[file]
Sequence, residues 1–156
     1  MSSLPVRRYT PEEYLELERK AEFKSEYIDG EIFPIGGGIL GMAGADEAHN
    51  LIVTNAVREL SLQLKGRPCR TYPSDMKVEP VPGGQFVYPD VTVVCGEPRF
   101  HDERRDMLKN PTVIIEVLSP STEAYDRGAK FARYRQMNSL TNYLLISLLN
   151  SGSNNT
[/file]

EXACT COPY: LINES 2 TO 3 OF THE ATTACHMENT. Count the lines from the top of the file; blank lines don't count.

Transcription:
     1  MSSLPVRRYT PEEYLELERK AEFKSEYIDG EIFPIGGGIL GMAGADEAHN
    51  LIVTNAVREL SLQLKGRPCR TYPSDMKVEP VPGGQFVYPD VTVVCGEPRF